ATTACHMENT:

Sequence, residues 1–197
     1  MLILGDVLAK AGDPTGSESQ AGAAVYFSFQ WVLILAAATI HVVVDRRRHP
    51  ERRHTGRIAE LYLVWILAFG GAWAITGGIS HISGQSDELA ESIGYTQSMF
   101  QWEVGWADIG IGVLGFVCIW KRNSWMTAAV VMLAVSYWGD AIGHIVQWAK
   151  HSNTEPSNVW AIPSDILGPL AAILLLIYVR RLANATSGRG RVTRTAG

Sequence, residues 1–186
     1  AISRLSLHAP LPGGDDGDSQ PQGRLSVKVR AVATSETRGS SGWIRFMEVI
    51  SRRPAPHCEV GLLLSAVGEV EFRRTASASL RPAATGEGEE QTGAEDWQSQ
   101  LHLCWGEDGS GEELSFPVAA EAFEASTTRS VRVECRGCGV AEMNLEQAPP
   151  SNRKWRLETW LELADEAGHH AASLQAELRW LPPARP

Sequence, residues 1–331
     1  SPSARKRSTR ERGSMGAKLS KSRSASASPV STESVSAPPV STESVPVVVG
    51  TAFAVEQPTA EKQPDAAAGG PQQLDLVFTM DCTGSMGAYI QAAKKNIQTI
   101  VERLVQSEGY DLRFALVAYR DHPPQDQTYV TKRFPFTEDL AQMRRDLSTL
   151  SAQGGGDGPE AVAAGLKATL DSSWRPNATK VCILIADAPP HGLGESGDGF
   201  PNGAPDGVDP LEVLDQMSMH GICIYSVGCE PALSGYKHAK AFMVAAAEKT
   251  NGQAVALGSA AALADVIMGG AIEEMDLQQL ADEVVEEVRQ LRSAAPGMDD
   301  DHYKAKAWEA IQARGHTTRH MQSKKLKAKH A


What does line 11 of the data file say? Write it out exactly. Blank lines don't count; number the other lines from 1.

Sequence, residues 1–331